Tuesday, November 10, 2009

Death Count in the Most Violent City in the World: 2194 and Counting; Rate Now Stands at 170 per 100,000

After another bloody weekend, the body count as of mid-day today stood at 2194. With 51 days of the year left, should the present trend continue the homicide toll will be around 2550 at the end of the year. This would place the homicide rate per 100,000, (the most common measurement) at 170. The last time I calculated (see entry on September 23), the projection was for 2374 murders by the end of the year, so the homicide rate has stepped up some since then. At that time the homicide rate was 158. An article in Foreign Policy article in September 2008 listed Caracas at that time as the highest homicide city in the world, at 130. So Juarez is clearly above that.

A Time magazine article this year puts the Baghdad homicide rate at 48, slightly higher than St. Louis in 2008 which came in at 47. Global homicide rates per city are more difficult to get hold of than you might think at first. But there are places in the U.S. that aren't too far behind the worst cities in the world, such as New Orleans, which the FBI estimated in 2008 had a murder rate per 100,000 of 64. The U.S. average in 2008 was 5.6, one thirtieth of the rate I've projected for this year in Cd. Juarez.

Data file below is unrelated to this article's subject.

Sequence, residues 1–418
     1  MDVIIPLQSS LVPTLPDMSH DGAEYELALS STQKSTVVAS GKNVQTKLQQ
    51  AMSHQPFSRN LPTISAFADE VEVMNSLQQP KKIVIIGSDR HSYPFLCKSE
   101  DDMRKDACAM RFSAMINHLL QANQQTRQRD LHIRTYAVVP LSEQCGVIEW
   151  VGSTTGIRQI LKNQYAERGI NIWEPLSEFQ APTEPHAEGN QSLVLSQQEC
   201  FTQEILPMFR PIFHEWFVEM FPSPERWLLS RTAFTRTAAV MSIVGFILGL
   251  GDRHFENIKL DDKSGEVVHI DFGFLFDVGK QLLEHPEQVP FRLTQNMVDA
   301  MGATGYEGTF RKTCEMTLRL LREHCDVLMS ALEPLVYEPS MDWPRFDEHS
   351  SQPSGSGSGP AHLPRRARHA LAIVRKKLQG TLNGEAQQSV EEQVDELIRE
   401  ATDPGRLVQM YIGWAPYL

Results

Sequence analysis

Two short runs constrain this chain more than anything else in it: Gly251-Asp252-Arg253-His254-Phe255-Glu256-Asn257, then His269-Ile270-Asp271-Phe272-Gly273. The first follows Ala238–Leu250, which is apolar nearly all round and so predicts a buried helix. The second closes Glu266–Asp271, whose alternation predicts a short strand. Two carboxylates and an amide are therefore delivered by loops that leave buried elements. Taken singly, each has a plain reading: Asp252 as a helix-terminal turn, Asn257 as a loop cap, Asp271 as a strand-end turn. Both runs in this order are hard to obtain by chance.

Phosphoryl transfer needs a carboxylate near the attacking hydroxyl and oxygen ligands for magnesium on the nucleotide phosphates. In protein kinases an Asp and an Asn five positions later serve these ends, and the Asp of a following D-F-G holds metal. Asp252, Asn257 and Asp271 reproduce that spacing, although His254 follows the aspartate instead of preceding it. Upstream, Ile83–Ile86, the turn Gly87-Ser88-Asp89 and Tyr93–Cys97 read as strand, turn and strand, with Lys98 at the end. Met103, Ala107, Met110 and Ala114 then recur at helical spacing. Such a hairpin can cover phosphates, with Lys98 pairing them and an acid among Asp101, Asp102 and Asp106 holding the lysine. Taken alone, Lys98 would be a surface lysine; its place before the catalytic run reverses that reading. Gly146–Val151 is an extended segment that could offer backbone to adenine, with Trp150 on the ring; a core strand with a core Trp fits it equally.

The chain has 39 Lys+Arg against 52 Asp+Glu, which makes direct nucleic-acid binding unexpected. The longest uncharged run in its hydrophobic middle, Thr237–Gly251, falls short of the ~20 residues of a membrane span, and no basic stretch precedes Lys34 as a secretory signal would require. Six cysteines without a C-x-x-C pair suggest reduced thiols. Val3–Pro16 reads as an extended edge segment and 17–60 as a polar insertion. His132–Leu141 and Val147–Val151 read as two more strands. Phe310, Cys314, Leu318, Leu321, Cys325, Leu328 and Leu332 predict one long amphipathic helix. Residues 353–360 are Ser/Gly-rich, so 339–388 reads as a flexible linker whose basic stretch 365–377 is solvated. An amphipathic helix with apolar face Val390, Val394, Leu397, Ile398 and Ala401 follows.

1 comment:

Anonymous said...

Has she been to Juarez?

Napolitano Pronounces U.S. Border More Secure Now

By Suzanne Gamboa
Associated Press
WASHINGTON — The Obama administration has met many of the border security benchmarks Congress set in 2007 as a prerequisite to immigration reform and now it's time to change the law, Homeland Security Secretary Janet Napolitano said Friday.
Napolitano, designated by President Barack Obama to lead the administration's efforts to overhaul immigration laws, said many members of Congress had said they could support an update of immigration laws, but only after border security improved, Napolitano said.
"Fast-forward to today, and many of the benchmarks these members of Congress set in 2007 have been met," she said in a speech to the Center for American Progress, a liberal think tank.
She cited construction of 600 miles of border fence and the hiring of more than 20,000 Border Patrol agents. Illegal immigration has also fallen sharply because of better enforcement and the economy.
"I've been dealing hands-on with immigration issues since 1993, so trust me: I know a major shift when I see one, and what I have seen makes reform far more attainable this time around," Napolitano said.
Congress passed tough immigration enforcement legislation in 2006 that called for building 700 miles of border fences and barriers. Immigration critics have said the fence has not been built with double layers as the law required and is not all fencing.